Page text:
- the wording of the text so that non-Members acceding to the MAI would automatically adopt the Guidelines;

- the inclusion of a binding "labour clause" as part of the MAI which makes explicit reference to universal core labour standards and domestic standards;

- the transfer of the follow-up process for labour issues to the "Parties Group" that will handle the MAI, with the same consultative procedures that currently exist for TUAC in the OECD CIME process.

In addition to focusing on members of the Negotiating Group, TUAC will work with environmental and other NGO's to examine potentially new environmental proposals and seek to maintain parallel treatment for labour issues.

Over and above labour and environmental issues, TUAC affiliates are urged to raise with their governments desired exemptions where they feel that legitimate public policy will be hampered by the MAI. TUAC will continue to act as a clearing house for affiliates' views on this and will seek consultations with the Negotiating Group on some of the key exemption issues to reinforce, where possible the positions of affiliates.

TUAC will continue to work closely with the ICFTU in particular to ensure that the concerns of developing country trade unions are taken account of in the negotiations.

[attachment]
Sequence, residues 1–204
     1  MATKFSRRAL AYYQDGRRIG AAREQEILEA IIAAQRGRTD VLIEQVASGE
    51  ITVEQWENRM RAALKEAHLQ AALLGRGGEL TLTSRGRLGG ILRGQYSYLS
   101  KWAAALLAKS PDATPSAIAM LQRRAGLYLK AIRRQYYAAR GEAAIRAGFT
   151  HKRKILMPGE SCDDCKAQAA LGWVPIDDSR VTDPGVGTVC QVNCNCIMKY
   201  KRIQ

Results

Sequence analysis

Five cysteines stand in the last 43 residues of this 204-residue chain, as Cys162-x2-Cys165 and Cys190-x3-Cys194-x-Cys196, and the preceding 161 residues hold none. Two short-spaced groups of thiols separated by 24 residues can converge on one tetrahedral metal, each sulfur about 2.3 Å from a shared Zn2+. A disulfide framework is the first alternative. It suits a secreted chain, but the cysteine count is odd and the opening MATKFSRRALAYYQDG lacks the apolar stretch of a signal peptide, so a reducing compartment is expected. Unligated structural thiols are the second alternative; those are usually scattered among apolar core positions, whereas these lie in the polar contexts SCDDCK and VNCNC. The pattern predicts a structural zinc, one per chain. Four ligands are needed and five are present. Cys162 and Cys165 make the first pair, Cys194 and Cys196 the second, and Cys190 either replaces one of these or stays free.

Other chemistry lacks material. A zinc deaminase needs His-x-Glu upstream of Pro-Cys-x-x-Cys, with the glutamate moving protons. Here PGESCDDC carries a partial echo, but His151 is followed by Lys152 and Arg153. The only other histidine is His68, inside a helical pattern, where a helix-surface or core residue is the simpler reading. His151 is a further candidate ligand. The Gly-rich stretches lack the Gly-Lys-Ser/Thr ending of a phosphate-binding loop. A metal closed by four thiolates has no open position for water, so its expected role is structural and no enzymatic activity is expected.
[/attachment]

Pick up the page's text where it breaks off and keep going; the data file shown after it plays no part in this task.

(1) Adopted as part of the 1976 Declaration and Decisions on International Investment and Multinational Enterprises.

(2) Ten Reasons To Be Concerned About The Multilateral Agreement on Investment, Friends of the Earth, 1997.

(3) Multilateral Agreement on Investment: Potential Effects on State and Local Government, Western Governors' Association, 1997.

(4) "Pulling up the Drawbridge", World Development Movement, June 1997.

(5) Trade, Employment and Labour Standards, OECD 1996.

(6) House of Commons Debate on MAI, Hansard, 23 July 1997.

(7) The MAI - A Preliminary Critical Analysis, CLC, July 1997; and,

A Note on the MAI and Public and Social Services, Andrew Jackson, CLC, August 1997.

(8) NAFTA Annex II-C-9.

(9) Internet up-date on the MAI. Friends of the Earth, U.S., August 1997.